single feed, multiple frequencies

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hmburgers

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Dec 11, 2011
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Soliciting a few comments... are feeds with multiple depts/freq feeds generally considered to be "better" or, "worse"?

I can easily pick up 3-4 towns worth of PD and FD activity which is not currently covered by live feeds, but I personally find that when scanning multiple dept's I have trouble following one line of calls if there is a break in chatter and the radio moves on. Worse, if there is chatter on multiple channels at the same time it's easy to lose entire calls or information that might be interesting to me. When I'm home I can simply hold the radio on a specific channel if something peaks my interest, but obviously that option is not available while listening via the live feed.

Currently I have a feed setup for my home town FD, no scanning, just 24/7 of that one channel. There really isn't all that much activity, sometimes hours between calls even during the day, so would it be more interesting/useful to people out there if I had it setup for the 3-4 FD's in my area including my home town?

Thx for your opinions.
 

kendrik578

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All depends on how busy they are. As you stated, having multiple department's/frequencies can be very hard to follow and you may end up losing listeners. If you have a hard time keeping up than surly your listeners will.

I wouldn't do it if they are very busy, but you have to evaluate and make that call.
 
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hmburgers

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I think for now I'll stick to my plan of 1 freq. per stream.

Ideally I'd have about 6 radios and be able to hit the FD and PD of my three neighboring towns :D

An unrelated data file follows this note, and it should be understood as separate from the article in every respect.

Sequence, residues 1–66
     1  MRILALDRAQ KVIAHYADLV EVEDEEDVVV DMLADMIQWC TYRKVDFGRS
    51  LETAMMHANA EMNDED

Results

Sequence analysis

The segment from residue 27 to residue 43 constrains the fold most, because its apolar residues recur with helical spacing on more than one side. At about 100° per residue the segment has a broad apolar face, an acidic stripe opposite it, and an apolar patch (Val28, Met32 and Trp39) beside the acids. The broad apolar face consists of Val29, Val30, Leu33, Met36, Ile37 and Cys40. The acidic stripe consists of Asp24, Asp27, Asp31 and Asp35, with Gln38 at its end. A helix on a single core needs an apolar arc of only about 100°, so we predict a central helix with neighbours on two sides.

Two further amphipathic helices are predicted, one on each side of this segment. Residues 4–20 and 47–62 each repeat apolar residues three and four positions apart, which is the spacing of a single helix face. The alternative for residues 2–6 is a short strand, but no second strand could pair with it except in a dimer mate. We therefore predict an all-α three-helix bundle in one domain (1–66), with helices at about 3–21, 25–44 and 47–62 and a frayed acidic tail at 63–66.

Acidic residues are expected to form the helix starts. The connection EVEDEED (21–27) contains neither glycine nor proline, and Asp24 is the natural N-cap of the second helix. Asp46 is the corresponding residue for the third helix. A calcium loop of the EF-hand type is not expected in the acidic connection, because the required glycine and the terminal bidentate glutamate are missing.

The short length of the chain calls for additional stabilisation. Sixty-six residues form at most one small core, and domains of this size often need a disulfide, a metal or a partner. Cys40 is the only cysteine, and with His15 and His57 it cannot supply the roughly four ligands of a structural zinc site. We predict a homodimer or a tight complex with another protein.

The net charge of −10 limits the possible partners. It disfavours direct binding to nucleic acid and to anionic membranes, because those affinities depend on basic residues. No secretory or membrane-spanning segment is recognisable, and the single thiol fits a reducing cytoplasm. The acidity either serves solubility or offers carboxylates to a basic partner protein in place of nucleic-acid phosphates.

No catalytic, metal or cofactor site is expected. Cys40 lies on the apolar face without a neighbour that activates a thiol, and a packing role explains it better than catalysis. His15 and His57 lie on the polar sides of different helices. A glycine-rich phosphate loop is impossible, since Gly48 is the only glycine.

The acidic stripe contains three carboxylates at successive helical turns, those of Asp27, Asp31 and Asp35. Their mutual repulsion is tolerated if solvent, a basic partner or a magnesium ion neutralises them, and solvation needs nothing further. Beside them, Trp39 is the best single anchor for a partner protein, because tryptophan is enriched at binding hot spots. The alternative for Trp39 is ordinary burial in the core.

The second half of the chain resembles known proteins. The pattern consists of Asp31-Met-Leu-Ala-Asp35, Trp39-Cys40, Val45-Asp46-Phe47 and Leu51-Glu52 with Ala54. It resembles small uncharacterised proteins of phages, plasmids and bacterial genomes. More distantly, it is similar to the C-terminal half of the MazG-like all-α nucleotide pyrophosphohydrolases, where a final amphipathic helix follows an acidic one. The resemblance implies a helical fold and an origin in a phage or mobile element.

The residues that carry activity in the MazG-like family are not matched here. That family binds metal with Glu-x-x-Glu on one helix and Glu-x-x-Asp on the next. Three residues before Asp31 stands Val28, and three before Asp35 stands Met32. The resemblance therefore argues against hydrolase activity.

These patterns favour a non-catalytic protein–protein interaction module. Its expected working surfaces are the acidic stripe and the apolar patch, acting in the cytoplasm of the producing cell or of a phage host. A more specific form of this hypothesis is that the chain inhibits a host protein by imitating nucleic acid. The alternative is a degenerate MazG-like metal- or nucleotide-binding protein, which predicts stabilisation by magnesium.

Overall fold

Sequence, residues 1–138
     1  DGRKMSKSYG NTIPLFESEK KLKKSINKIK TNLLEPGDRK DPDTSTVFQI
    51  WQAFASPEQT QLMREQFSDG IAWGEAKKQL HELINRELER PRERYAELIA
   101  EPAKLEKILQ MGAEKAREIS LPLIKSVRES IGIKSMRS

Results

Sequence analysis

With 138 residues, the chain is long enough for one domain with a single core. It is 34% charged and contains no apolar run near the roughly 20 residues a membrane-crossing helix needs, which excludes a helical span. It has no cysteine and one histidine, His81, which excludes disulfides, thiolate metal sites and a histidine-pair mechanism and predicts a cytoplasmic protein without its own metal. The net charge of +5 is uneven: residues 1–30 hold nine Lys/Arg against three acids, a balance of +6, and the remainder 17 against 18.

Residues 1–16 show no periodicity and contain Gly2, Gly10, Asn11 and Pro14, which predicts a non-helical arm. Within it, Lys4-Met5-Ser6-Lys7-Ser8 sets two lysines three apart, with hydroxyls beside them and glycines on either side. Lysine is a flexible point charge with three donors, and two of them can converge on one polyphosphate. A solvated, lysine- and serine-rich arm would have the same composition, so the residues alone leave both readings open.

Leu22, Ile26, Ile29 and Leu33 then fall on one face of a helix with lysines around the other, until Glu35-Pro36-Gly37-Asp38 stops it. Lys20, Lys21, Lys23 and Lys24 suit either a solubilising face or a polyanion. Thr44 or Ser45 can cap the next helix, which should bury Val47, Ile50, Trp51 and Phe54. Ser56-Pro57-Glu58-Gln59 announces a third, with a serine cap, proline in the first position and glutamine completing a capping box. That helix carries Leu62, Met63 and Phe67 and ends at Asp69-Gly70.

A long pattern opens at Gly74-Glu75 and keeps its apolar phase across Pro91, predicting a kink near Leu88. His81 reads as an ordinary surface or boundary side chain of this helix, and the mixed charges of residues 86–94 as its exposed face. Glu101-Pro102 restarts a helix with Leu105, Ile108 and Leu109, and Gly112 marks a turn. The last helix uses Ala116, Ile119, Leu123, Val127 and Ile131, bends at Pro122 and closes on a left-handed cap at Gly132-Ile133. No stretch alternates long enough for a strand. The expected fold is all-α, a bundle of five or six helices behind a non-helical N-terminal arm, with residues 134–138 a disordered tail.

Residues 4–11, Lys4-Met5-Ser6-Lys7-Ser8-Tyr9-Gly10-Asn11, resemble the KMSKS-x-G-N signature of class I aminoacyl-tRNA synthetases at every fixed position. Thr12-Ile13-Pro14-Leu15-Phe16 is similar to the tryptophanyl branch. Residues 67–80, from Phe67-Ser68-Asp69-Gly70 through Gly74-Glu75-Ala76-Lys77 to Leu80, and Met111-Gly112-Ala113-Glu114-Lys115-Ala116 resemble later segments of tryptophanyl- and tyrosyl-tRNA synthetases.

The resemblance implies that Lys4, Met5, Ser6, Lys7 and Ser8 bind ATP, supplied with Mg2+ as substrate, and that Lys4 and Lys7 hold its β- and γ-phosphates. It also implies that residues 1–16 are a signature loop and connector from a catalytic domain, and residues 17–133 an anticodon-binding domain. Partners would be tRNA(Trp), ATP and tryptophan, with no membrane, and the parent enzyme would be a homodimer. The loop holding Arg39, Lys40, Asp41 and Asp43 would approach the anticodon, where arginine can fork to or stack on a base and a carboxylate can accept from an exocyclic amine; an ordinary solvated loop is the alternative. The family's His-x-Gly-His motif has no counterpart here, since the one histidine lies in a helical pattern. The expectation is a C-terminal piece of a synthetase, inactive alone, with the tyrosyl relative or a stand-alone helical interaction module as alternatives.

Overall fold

The two near me--Stoneham and Woburn--have unfortunately been active on the PD in recent past for some major events. My town, Reading, has been fairly quiet.

Everyone is conventional and not trunked except for Reading which is APCO-25 digital. If I could find 4-5 cheap scanners I'd be all set ;)
 

W2PMX

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Fayetteville NC
I listen to my PD when I'm home, and the sheriff when I'm going to be on the interstate (they patrol it). If something is happening I turn on another scanner for the fire department. That's enough for me. I spent too many years with more channels than I could shake a stick at (for a living) and sometimes I would have to actually know what was happening on 8 channels or more at once. No more. (I can still subliminally "grab" phone numbers and addresses, even if I'm concentrating on something else, but for fun 2 channels at once are the limit.)

But that's me. Some people want action all the time, whether they can follow one conversation or not. Others want to follow what's going on, even if it means hours of silence. And you're never going to satisfy everyone. If you have a second scanner, feed one side with your local PD or FD and the other side with a scanner that's scanning everything else. That way each listener can choose left (one department) or right (scanning). Or both.
 

SDavis90

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Middle Tennessee
The main reason I lost interest in monitoring streaming audio, and basically gave up - is because people have too many agencies in one feed. Especially when they have more than one law enforcement agency on the feed. If you're already unfamiliar with the area being monitored, it's like Chinese arithmetic.

Just my opinion though.
 

jonny290

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Denver, CO
One option is to run a stereo feed and input one scanner as your left and another as your right. That way if people just want to listen to one feed, they can pan to a side, but if they want an ear on both radios, pan middle. Or mix the two at any desired ratio.
 

saleen49

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Eastern Will County
One option is to run a stereo feed and input one scanner as your left and another as your right.
Stereo feed is a good option. I feed multiple agencies on a single stereo feed. I use left side for Fire, and right side for Police. I set up the agencies I want to hear most so they are monitored in "priority" mode. The rest is just to fill dead air. I enjoy listening to my feed and I really don't care to hear long periods of dead air.
 
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